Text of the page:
Augusta, where I’m currently house-sitting, is on the estuary of the Blackwood River; it’s a huge and very beautiful body of water, and I haven’t had an opportunity to get out on it until today.
The Royal Freshwater Bay Yacht Club (from the Swan River, between Perth and Fremantle) brought two St Ayles skiffs, ‘Ripple’ and ‘Dotsie’ down here today to promote these boats, and to see if they could kick-start a local interest in them.
St Ayles skiffs are a small, four-oar rowing craft based on a traditional Scottish design. They are built from a kit, commonly by community groups, all over the world.
I’ve rowed in St Ayles skiffs before, while house–sitting in Cygnet, southern Tasmania. Some of the people who came along with the boats today had been to the 2017 Franklin St Ayles Skiff International Regatta, near Cygnet, which I also attended.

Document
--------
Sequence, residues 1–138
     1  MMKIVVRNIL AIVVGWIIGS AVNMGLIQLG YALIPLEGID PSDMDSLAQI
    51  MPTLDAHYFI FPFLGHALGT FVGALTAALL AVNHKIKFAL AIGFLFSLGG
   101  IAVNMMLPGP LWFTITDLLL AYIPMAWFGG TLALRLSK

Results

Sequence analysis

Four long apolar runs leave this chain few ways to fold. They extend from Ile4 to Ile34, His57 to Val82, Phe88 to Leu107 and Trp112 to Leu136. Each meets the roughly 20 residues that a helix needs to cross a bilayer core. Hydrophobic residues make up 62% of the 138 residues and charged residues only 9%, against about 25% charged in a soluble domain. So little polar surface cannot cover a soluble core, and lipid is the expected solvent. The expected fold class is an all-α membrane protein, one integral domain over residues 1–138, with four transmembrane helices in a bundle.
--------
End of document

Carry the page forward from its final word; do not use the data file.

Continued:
As they were there to promote rowing and the skiffs, I got the opportunity to have a row. Conditions were perfect, with a bright, clear sky, clean water on a rising tide, and no wind.
Just look at that beautiful water!
The two boats did a continuous turnaround, giving anyone who was interested a chance to try out rowing them.
Here’s ‘Dotsie’ pulled up on the beach:
You can see that it’s a fairly simple, all-wooden boat.
And here's 'Ripple' getting its photograph taken:
There are pelicans here in Augusta, as you can see in the pictures above. I just love them; they are huge, graceful, but comical birds, and they remind me of warmer waters! I saw them a lot when I lived on the east coast of Australia, but there aren’t many of them in Tasmania where I've spent a lot of time lately, so it's great to see them again..
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